If you are interested in blogging or want to promote your book, please contact E. B. Davis at writerswhokill@gmail.com.


Check out our February author interviews: 2/7-debut author Keenan Powell (Alaskan lawyer), 2/14-Leslie Wheeler (Rattlesnake Hill), 2/21-bestselling author Krista Davis, who unveils a new series, 2/28-Diane Vallere answers my questions about Pajama Frame. Please join us in welcoming these authors to WWK.


Our February Saturday Guest Blogger Schedule: 2/3-Saralyn Richard, 2/10-Kathryn Lane. WWK's Margaret H. Hamilton will blog on 2/17, and Kait Carson on 2/24.

Congratulations to our writers for the following publications:

Shari Randall's "Pets" will be included in Chesapeake Crimes: Fur, Feathers, and Felonies anthology, which will be published in 2018. In the same anthology "Rasputin," KM Rockwood's short story, will also be published. Her short story "Goldie" will be published in the Busted anthology, which will be released by Level Best Books on April 25th.


In addition, our prolific KM has had the following shorts published as well: "Making Tracks" in Passport to Murder, Bouchercon anthology, October 2017 and "Turkey Underfoot," appears in the anthology The Killer Wore Cranberry: a Fifth Course of Chaos.

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Sunday, February 4, 2018

Risk and Reward and the Writing Life



by Julie Tollefson

Facebook recently reminded me that it’s been a little more than two years since I joined Writers Who Kill and made my first post. I wrote then about risk and reward and how I’ve grown more comfortable, little by little, with taking chances, at least when it comes to my writing.

The message is still relevant, now more than ever. Sometimes, the writing life feels like one step forward and two steps back. In the two years since I joined this blog, Alfred Hitchcock Mystery Magazine bought one of my short stories. Another magazine rejected two more.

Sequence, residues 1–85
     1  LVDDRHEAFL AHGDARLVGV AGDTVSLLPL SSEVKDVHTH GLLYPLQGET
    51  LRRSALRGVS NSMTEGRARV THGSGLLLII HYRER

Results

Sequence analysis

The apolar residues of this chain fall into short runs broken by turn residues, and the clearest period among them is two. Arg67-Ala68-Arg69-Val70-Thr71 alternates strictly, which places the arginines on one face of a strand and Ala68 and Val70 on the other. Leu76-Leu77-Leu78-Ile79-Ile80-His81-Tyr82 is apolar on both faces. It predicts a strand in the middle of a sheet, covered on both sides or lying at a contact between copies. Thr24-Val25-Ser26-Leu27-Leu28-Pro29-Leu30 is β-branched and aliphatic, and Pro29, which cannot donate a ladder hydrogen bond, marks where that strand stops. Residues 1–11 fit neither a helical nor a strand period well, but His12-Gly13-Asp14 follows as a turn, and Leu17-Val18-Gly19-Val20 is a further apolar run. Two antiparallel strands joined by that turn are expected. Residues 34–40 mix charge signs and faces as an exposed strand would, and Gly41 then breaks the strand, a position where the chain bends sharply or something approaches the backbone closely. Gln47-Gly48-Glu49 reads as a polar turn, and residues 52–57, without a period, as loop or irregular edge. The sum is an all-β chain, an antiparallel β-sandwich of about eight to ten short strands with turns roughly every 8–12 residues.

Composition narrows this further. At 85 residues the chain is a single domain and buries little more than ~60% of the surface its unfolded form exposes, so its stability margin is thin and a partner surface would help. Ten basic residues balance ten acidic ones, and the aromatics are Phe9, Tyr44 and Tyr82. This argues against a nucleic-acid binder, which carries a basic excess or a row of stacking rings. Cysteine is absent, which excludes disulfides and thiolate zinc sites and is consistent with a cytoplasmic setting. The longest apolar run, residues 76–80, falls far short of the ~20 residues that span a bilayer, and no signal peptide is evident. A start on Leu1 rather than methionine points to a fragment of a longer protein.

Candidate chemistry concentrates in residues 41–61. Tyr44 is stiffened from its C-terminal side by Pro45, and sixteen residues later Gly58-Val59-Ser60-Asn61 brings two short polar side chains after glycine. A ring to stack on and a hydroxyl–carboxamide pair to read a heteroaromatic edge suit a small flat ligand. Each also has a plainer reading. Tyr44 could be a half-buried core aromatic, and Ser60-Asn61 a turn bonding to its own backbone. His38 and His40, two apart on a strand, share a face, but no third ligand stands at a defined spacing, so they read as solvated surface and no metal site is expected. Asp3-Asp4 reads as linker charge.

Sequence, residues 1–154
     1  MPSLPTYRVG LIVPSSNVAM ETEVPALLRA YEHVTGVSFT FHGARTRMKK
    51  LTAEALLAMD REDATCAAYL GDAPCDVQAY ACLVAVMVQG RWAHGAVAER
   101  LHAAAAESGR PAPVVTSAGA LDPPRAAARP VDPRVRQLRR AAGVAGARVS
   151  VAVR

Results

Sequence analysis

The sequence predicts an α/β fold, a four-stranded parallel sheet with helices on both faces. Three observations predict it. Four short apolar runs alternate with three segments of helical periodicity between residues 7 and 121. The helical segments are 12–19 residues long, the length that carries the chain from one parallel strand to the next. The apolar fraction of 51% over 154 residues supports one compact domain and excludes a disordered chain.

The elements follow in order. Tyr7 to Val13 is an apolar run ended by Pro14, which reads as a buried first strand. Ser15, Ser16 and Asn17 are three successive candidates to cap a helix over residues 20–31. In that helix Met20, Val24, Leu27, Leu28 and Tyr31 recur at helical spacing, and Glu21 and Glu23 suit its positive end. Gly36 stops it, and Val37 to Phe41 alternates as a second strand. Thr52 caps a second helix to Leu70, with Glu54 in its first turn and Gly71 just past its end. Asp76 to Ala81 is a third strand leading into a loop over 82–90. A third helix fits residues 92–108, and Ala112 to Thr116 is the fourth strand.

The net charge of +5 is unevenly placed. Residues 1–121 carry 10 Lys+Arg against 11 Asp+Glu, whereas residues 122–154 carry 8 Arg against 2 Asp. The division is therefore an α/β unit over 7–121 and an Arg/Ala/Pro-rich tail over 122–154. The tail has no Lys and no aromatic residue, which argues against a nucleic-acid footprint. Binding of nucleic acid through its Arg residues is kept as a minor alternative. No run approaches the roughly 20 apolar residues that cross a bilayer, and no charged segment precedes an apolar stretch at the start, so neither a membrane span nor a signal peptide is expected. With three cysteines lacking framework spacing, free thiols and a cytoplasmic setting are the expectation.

As I was thinking about the nature of publishing and the persistence it requires of a writer, I glanced through the acknowledgments of my book club’s January selection, Homegoing by Yaa Gyasi. The novel is an epic, amazing tale that traces many generations through two branches of the same family, one in Ghana and the other in the United States. In her acknowledgments, Gyasi thanked a number of organizations and individuals for supporting her work on the novel over seven years. Seven!

It’s easy to become mired in the negatives—the rejections, the days when the words simply will not flow. Most of last year was not a great year in my writing life. My creativity took a serious hit from the one-two punch of the presidential election followed too closely by my son’s car accident one year ago today.

But I kept writing. Though most of my words fell flat and colorless on the page, I continued to revise and rework and rewrite until something shifted. By the end of the year, I felt like I’d emerged from many dark months of creative hibernation. I began to feel confidence in my writing again and finished a couple of short stories and a novel-length manuscript.